Illini Special Teams Review Out Of Spring

Special teams are as important to a football program as offense and defense. There are six special teams. If any one breaks down, the whole team suffers. The Fighting Illini have strength at five of the six special teams. If they can come up with a punter, they will be in good shape for the fall.

Illinois coach Ron Zook knows the importance of special teams; he spent much time on them this spring as always. With one exception, he is pleased with their progress.

"We've spent a lot of time on the kicking game this spring, and I feel very good with where we are in terms of protection, coverage. Obviously, punter questions still remain to be worked out. I think we're gonna be fine there."

The punter question is not easily dismissed. Last year, Anthony Santella led the Big 10 in punting and gave the Illini great field position repeatedly. He has graduated, and a replacement is yet to be determined.

Converted placekicker Matt Eller has a strong leg, but punting is as much technique as leg strength. It takes years of practice to perfect every aspect of a punt, and he lacks that experience. Freshman walkon Brad Janitz needs to get the ball off faster and, like Eller, needs more consistency to be considered for the job.

Upcoming sophomore Ryan Lankford was tested as a rugby-style punter this spring. Lankford was a one-man band in high school. He played quarterback, receiver, did the punt and kick returns as well as kickoffs and punts. If he lines up in the backfield to receive the snap, he has the option of punting, running or throwing the ball.

"We worked on the rugby kick," Zook stated. "When you've got a guy like Ryan Lankford back there, who was a pretty good high school punter, that adds another threat. He not only has very good ball skills, but he understands setting up blockers and things like that.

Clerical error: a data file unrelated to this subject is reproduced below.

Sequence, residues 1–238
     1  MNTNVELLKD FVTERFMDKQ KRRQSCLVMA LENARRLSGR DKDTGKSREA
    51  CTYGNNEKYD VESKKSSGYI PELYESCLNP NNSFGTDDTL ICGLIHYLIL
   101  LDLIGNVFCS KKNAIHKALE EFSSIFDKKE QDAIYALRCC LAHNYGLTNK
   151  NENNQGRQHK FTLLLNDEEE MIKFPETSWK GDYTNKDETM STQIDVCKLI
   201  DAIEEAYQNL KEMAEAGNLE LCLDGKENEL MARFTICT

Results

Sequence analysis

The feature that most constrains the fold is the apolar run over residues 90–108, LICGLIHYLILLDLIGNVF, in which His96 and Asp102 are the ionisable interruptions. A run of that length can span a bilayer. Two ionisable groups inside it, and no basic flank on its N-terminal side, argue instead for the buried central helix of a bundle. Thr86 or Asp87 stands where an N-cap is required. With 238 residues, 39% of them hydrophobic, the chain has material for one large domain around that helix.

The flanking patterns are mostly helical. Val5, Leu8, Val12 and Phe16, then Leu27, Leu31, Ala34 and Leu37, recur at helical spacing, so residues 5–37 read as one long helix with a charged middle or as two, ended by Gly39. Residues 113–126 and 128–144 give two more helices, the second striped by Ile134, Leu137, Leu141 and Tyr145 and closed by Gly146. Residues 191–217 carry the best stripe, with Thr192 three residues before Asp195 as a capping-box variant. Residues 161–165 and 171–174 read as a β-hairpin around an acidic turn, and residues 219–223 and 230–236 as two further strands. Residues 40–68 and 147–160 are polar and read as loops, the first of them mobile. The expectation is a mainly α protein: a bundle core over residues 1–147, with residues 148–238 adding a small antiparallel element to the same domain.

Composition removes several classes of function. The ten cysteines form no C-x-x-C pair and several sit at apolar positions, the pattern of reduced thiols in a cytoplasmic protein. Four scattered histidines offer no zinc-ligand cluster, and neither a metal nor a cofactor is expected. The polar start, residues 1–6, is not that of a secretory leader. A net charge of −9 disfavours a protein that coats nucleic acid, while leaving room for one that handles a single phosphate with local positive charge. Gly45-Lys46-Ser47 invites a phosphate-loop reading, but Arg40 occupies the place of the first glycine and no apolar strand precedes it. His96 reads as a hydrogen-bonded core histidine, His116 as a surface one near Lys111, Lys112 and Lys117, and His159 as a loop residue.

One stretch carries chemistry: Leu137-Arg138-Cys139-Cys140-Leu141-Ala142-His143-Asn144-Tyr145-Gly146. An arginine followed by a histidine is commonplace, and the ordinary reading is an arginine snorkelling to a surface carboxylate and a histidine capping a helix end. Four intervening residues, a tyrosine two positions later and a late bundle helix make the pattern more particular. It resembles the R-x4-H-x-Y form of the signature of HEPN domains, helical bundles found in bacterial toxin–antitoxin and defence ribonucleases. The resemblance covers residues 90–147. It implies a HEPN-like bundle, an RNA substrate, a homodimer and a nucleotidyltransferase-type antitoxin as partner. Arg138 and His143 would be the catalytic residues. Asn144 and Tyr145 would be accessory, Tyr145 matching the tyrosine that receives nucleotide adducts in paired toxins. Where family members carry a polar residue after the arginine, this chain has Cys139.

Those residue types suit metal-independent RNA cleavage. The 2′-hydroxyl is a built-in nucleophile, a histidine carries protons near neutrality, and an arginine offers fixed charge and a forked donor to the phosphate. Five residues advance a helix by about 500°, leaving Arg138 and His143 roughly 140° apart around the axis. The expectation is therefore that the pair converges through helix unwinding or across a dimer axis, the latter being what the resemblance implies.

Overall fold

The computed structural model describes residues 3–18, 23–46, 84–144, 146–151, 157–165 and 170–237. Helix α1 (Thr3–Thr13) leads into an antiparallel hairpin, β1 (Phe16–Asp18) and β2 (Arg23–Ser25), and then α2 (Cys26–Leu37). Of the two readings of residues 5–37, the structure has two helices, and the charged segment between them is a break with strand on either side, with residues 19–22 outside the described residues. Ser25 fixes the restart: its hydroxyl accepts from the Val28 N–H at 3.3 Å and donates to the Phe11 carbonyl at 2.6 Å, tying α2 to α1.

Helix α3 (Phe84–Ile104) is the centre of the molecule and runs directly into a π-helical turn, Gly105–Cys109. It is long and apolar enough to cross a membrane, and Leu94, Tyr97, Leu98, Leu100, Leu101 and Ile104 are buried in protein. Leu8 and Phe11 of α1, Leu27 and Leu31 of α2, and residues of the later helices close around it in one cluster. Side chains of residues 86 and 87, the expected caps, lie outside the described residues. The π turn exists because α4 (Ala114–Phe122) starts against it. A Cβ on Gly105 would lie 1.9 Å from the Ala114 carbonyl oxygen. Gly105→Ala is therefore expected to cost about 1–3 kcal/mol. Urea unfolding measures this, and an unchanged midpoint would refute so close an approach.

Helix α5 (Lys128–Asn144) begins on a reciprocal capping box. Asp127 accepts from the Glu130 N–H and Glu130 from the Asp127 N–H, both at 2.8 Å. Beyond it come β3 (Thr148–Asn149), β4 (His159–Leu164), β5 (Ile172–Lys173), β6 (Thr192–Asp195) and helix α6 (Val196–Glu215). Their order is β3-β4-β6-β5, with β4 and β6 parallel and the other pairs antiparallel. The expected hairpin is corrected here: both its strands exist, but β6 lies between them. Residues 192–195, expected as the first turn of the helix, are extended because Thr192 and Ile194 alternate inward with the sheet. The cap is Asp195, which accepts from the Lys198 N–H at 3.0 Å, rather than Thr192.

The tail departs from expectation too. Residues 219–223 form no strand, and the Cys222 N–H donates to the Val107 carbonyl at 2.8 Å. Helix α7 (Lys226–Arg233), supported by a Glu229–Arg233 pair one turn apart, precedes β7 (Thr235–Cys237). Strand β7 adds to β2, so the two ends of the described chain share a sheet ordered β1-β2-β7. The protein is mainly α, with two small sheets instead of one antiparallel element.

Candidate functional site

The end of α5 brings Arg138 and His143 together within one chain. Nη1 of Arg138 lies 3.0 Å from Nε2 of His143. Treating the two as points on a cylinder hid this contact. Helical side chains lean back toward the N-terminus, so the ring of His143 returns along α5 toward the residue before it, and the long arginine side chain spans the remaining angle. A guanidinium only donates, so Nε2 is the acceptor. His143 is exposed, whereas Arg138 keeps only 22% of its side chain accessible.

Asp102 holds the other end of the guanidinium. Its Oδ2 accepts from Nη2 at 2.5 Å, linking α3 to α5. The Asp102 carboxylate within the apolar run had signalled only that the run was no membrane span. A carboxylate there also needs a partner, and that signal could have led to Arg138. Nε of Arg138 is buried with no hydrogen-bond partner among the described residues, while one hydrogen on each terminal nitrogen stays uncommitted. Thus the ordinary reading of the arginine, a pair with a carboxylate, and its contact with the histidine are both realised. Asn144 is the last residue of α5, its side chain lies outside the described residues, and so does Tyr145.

"So you have the opportunity to put pressure on the defensive kicking game. This summer, he'll work a lot on it, so I think we'll be a lot better there."

Another possibility is rookie Justin DuVernois. The Floridian has made a good name for himself at kicking camps, but his tremendous high school team rarely punted. Can he face a strong college rush and get his punts off consistently well without fear of the pressure? If so, he could be the answer.

The long snapper job is in the secure hands of Zak Pedersen. Last year, Santella credited him with snaps ideal for punting. He also helped placekicker Derek Dimke enjoy a phenomenal season.

The senior Dimke had an excellent spring despite missing two field goals in the Spring Game. He has a great leg and displays excellent consistency. Zook raves about him.

"I get on him pretty hard out there. But I think Derek has a chance to be the best kicker in the country. I really do. With his work ethic and the way he kicks, he's a pretty special guy. I told him he's got to hit every kick because I don't know how many opportunities he's gonna get this year."

Indeed, if the Illini offense scores more touchdowns, fewer field goals will be needed. Of course, he will still need to hit his extra points, and he handles kickoffs also.

One question mark this spring was finding a holder on placements. Walkon Tim Russell got all the snaps and appears to be more than adequate. He is also the backup long snapper.

Dimke got most of the kicks this spring. Zook explained he wanted Dimke and Russell to work together as much as possible. Nick Immekus and Pat Dunn both showed strong legs when given a chance, but they were typical nervous freshmen according to Zook.

"A little inconsistent. Hopefully we won't need one, but if we need a backup I think we'll be okay there."

Several Illini speedsters are competing to return kickoffs.